Longtime assistant trades shades of orange

SYRACUSE, N.Y. -- A year to the day after he resigned as
defensive coordinator of the Kansas City Chiefs, Greg Robinson was
hired as coach at Syracuse, his first head coaching job in a career
spanning three decades.

"It has been a long time coming," Robinson said Tuesday at a
news conference a little more than an hour after arriving on
campus. "It's funny how your blessings come, but I am really glad
that the opportunity is coming now in my career. I've been waiting
30 years for this. It's been a long, hard road."

Robinson, 53, spent 15 years in the college ranks before jumping
to the NFL for 14 years, including stints as defensive coordinator
with Kansas City and Denver. He also was an assistant with the New York Jets from 1990-94 and last season returned to college as
co-defensive coordinator for the Texas Longhorns.

Robinson succeeds Paul Pasqualoni, who was fired Dec. 29 by new
athletic director Daryl Gross. The firing came eight days after
Syracuse lost to Georgia Tech 51-14 in the Champs Sports Bowl.

Gross, who took over in early December for the retiring Jake
Crouthamel, said he wanted a defensive-minded coach, and Robinson
has made an impact more than once. His Kansas City defense in 2003
produced 36 sacks, 25 interceptions and forced 37 turnovers, giving
the Chiefs a plus-19 turnover margin, tops in the NFL.

But in the first round of the playoffs, Peyton Manning picked
apart that defense for 304 yards and three touchdowns in a 38-31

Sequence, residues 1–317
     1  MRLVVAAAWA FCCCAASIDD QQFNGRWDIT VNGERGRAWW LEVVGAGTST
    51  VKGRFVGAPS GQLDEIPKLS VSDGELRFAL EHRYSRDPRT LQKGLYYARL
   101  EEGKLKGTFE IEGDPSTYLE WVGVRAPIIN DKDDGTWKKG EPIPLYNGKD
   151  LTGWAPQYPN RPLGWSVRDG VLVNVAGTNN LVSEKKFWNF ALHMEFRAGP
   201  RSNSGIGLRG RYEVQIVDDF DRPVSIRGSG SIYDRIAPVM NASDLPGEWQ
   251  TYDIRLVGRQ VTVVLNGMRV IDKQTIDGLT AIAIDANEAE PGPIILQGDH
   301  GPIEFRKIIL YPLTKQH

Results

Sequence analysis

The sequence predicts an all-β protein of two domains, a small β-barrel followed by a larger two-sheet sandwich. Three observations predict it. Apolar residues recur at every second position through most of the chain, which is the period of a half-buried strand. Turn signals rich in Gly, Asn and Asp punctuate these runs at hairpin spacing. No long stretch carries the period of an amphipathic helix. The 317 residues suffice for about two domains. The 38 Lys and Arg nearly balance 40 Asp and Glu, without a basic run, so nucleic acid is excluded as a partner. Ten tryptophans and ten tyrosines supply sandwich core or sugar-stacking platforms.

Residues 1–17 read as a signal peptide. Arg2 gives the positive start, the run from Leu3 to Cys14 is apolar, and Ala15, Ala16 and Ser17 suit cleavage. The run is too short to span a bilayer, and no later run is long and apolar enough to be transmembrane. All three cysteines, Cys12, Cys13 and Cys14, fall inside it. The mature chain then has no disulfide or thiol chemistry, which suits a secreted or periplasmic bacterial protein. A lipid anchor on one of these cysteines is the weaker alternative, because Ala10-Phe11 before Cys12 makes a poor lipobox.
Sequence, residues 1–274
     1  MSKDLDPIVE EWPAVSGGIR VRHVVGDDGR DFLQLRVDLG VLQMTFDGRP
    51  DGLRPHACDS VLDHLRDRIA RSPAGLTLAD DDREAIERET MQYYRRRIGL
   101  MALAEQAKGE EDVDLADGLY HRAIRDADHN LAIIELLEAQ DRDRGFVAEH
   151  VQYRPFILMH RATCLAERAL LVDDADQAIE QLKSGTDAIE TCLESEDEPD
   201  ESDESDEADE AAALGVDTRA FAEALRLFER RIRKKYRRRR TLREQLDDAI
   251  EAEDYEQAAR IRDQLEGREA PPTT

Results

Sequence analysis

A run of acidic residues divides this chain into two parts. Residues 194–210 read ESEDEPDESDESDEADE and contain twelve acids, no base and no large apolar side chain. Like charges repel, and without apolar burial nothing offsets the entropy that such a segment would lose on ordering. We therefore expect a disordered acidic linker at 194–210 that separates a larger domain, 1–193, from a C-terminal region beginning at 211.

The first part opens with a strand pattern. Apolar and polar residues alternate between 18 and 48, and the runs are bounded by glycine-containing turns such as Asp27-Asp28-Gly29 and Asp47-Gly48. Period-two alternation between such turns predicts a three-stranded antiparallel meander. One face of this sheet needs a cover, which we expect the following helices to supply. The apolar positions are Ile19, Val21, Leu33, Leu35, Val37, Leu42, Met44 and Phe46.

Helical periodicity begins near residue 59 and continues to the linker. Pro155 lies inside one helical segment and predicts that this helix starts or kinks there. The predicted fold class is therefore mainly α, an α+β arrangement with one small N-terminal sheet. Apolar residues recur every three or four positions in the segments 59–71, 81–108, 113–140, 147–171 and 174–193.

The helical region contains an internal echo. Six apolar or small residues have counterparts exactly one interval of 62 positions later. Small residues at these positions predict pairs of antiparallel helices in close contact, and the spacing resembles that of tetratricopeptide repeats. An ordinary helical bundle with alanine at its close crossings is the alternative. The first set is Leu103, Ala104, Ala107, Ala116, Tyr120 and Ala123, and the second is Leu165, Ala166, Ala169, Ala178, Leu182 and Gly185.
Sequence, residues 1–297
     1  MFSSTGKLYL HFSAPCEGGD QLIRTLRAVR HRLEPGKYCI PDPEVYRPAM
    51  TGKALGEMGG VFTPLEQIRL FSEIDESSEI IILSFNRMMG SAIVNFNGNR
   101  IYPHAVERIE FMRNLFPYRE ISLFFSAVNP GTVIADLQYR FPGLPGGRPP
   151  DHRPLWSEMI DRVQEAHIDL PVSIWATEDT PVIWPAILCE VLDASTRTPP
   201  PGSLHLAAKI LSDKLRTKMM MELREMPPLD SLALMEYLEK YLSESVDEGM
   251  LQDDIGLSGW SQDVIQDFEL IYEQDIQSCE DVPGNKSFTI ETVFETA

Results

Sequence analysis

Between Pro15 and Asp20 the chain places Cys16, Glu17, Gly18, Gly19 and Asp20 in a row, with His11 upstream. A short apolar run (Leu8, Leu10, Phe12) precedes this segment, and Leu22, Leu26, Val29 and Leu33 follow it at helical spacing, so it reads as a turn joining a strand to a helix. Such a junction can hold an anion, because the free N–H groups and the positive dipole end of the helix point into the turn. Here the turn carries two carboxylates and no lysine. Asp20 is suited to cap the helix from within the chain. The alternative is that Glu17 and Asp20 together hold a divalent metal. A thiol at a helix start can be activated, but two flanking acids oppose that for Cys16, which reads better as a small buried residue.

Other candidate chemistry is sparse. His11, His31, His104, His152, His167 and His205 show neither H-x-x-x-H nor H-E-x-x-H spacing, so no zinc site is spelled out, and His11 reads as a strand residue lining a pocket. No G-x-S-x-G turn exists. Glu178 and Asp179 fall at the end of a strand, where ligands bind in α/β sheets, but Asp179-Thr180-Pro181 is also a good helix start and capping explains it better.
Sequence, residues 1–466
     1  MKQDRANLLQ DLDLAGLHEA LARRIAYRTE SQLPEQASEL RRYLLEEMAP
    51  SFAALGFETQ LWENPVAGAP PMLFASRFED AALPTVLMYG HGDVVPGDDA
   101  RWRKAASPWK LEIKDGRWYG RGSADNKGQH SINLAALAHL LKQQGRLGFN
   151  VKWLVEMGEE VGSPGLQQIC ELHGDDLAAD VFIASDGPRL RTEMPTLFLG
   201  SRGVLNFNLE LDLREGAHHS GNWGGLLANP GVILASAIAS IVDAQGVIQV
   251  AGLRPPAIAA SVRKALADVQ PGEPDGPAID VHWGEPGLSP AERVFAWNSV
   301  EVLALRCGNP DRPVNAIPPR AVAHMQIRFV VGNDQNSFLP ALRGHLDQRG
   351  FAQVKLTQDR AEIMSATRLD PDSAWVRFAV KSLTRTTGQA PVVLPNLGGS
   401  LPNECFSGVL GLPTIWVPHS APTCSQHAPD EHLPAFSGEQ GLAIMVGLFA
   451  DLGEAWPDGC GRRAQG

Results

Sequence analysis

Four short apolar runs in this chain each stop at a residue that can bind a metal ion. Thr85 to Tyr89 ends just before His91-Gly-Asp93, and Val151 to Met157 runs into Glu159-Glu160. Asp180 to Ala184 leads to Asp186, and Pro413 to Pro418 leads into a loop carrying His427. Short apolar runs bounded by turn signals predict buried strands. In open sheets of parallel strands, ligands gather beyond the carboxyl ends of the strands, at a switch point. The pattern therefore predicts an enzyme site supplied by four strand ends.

victory that put the Indianapolis Colts into the AFC title game and
prompted Robinson to resign.

He landed in Texas, and the Longhorns also excelled, going 11-1
and beating Michigan in the Rose Bowl. During the regular season,
the Texas defense allowed 102 fewer points than it gave up in 12
games the previous year and did not allow a third-quarter touchdown
until Michigan scored in the Rose Bowl.

"We didn't want someone that was just going to be competitive
with the rest of the coaches in the Big East. We wanted someone
special," said Gross, who declined to reveal terms of the
contract. "This is going to be a lot of fun, and we're going to
have a blast doing this together."

In 14 seasons at Syracuse, Pasqualoni was 107-59-1 and 6-3 in
bowl games, but the Orange struggled the past three years, going
4-8 in 2002 and 6-6 in each of the last two seasons after finishing
10-3 and ranked 14th in the nation in 2001.

Two of Pasqualoni's longtime assistants -- George DeLeone and
David Walker -- already have left for other jobs, but Robinson said
he would begin interviewing the remaining coaches on Wednesday and
was hopeful he could retain some continuity in the program.

Robinson, who inherits a team with 15 returning starters, met
briefly with some of the players. Two of them -- tailback Damien Rhodes and defensive back Anthony Smith -- watched the news
conference from the back of the room and said they walked away with
a positive feeling. And the giant Super Bowl ring Robinson was
wearing on his right hand -- one of two he won with the Broncos --
certainly made a lasting impression.

"That's a pretty big ring," said Smith, who had been disillusioned by Pasqualoni's firing. "I'm ready to play for him."

"I am looking forward to getting this thing going," said
Rhodes, who also will be a senior. "He obviously knows what he is
doing. He has the track record to prove that."

Pasqualoni remains in Syracuse and is exploring opportunities as
an assistant in the NFL. Robinson said he would consult with him
over the next few days.

"I know what Paul has done and I know what Paul is all about,"
Robinson said. "The program has been in good hands."

The Syracuse job was the last vacant one in Division I-A.